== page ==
When it comes to the production, I wanted to get it to be as close as possible to Miles Davis’ classic album Kind of Blue as Luke and I could get it. That’s the feel I was going for.

“Watch Me” has lyrics that are very self-aware of how those in power are very clear in their actions to suppress certain communities, especially the African American ones. For you as an artist, an African American guy in the south, how are you focusing your creative energy in the world we live in?

I love the complexity of this question because it’s accurate, when it comes down to me displaying awareness for the world in which we live. I don’t want to come across as preachy or bitter or even jaded. I try to dab a bit of mature knowledge in the mix of my urbanely deliberate rap style, kind of like Jay-Z in order to remain conscious.

I like how “Scared Money” effortlessly straddles styles and influences across various points in hip-hop, R&B, and soul. As you’re writing, how to handle that balance in a way that still makes everything seem so fresh and modern?

“Scared Money” is literally an ODE to Sly and the Family Stone, as well as the saying, “Practice what you preach.” I honestly and faithfully listen to music of all generations, and I want people to know it! I still want to impact listeners of all ages, so I feel I have to make reference from all eras in order to stay relevant, as well as, show my authenticity.

I like “Church Boy” so much for a variety of reasons. Is there something autobiographical to it? What’s the story behind this one?

Every male born and raised in the South is practically a church boy whether they were a member of a church or not. Our grandparents made us this way by thoroughly implanting its importance in our parent’s morality, so it’s pretty much generational. However, we all have our own paths, so it’s like, yeah I went to church, but somewhere along the way I got off track and the extreme varies upon the individual. Yes, there is definitely some autobiographical substance to this song.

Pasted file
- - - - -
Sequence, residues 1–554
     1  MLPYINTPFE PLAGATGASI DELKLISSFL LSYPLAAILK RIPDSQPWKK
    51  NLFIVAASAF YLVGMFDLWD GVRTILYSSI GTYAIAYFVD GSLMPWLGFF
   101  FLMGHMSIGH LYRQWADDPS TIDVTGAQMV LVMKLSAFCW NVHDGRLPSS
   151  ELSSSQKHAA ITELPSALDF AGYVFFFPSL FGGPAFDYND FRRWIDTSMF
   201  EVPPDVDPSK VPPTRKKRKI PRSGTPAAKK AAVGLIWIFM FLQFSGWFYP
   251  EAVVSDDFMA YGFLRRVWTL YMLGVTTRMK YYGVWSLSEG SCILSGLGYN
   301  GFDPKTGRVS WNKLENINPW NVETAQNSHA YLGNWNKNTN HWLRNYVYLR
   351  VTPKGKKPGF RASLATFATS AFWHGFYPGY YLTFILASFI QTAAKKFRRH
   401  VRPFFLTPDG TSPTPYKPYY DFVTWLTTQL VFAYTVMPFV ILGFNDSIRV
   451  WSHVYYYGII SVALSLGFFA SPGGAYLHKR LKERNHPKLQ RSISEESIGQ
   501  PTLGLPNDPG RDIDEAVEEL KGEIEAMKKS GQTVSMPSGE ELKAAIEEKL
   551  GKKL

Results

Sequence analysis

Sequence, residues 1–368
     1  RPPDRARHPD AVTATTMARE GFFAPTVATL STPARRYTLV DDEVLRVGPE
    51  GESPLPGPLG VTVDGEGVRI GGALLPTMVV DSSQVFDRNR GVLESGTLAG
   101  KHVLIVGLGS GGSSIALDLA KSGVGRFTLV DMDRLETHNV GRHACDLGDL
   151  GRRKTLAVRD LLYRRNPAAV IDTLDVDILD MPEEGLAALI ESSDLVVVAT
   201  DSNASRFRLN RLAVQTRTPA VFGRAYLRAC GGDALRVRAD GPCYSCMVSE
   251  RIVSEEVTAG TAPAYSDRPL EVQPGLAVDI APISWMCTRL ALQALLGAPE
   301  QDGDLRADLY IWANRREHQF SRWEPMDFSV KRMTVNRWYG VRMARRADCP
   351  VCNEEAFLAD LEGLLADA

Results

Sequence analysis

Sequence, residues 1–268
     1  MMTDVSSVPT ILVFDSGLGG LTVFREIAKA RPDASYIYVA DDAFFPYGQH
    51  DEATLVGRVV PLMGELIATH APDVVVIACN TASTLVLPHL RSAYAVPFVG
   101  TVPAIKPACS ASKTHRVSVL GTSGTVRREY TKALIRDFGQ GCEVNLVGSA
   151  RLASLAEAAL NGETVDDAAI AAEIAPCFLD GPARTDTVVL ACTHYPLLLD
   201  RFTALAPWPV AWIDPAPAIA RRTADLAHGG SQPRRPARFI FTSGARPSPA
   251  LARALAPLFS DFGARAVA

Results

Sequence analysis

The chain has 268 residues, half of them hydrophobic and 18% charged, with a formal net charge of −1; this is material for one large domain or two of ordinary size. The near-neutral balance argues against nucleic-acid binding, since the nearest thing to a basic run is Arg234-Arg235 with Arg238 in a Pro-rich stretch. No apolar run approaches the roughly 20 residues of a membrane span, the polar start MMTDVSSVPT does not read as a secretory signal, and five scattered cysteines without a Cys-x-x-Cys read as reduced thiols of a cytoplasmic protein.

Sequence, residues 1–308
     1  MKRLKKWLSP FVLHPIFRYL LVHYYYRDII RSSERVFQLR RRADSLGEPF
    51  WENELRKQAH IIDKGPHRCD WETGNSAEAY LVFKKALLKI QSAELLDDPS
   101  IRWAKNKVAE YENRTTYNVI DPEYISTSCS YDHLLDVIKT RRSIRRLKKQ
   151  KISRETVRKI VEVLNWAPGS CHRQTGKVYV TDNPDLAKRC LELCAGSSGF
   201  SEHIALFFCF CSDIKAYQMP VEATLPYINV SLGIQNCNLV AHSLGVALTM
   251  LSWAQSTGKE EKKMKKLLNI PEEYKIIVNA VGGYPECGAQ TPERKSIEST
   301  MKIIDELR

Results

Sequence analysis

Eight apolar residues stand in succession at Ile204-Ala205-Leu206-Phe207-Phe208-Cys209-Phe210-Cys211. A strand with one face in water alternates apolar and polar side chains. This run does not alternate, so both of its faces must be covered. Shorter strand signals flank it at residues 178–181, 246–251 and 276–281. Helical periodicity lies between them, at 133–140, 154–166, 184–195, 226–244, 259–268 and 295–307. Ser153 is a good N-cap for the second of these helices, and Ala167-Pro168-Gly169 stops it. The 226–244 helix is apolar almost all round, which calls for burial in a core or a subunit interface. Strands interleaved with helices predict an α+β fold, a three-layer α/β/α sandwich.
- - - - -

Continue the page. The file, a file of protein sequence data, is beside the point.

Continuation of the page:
When it comes to the Intro/Outro, there’s a seamlessness to it that works wonderfully if you’ve got ‘Blue Windows’ on a loop. Was that intentional? I feel like I don’t pay attention to Intros and Outros too often, but this one really hooked me.

Luke will definitely love the fact that you appreciate the intro/outro, all the credit goes to him on those. All I said was make a car crank up (laughs)

Alright – when it comes to the album, is there any track in particular that you particular appreciate or have a fondness for above the others?

If I had to pick my favorite track as of right now, it would be “Watch Me,” but a very close second would be “C. Butler,” being that it’s actually produced by BlockBeattaz, and I think they are super talented.

Moving forward, do you know where you’d like to be heading in what you’re writing, or do you just let those moments happen organically?

One day I plan to be in the Writers Hall of Fame like Hov, but for now, I’ll let it happen organically.

Finally – what’s up next? More recording? More writing? Tours? Collaborations?

Blue Windows is one of four, just like the All-Star legend series. My focus is definitely on stealing art from the rich and giving it to the ones who really appreciate it, hence the art displayed in the cover art designed by upcoming visual/street artist Dawill_sama from Birmingham.

Not to undermine today’s artist, I’m simply implying that music isn’t appreciated like it used to be. Today when an artist drops a project, consumers only pay attention for a week or two, and then it’s on to the next. Fine art should be valued as time. That’s the only way you get classic material, you know, music that will last the test of time.

Talks of shows in Tokyo are on the table now, but we’ll see.

03.10.2017 / By Joey Smith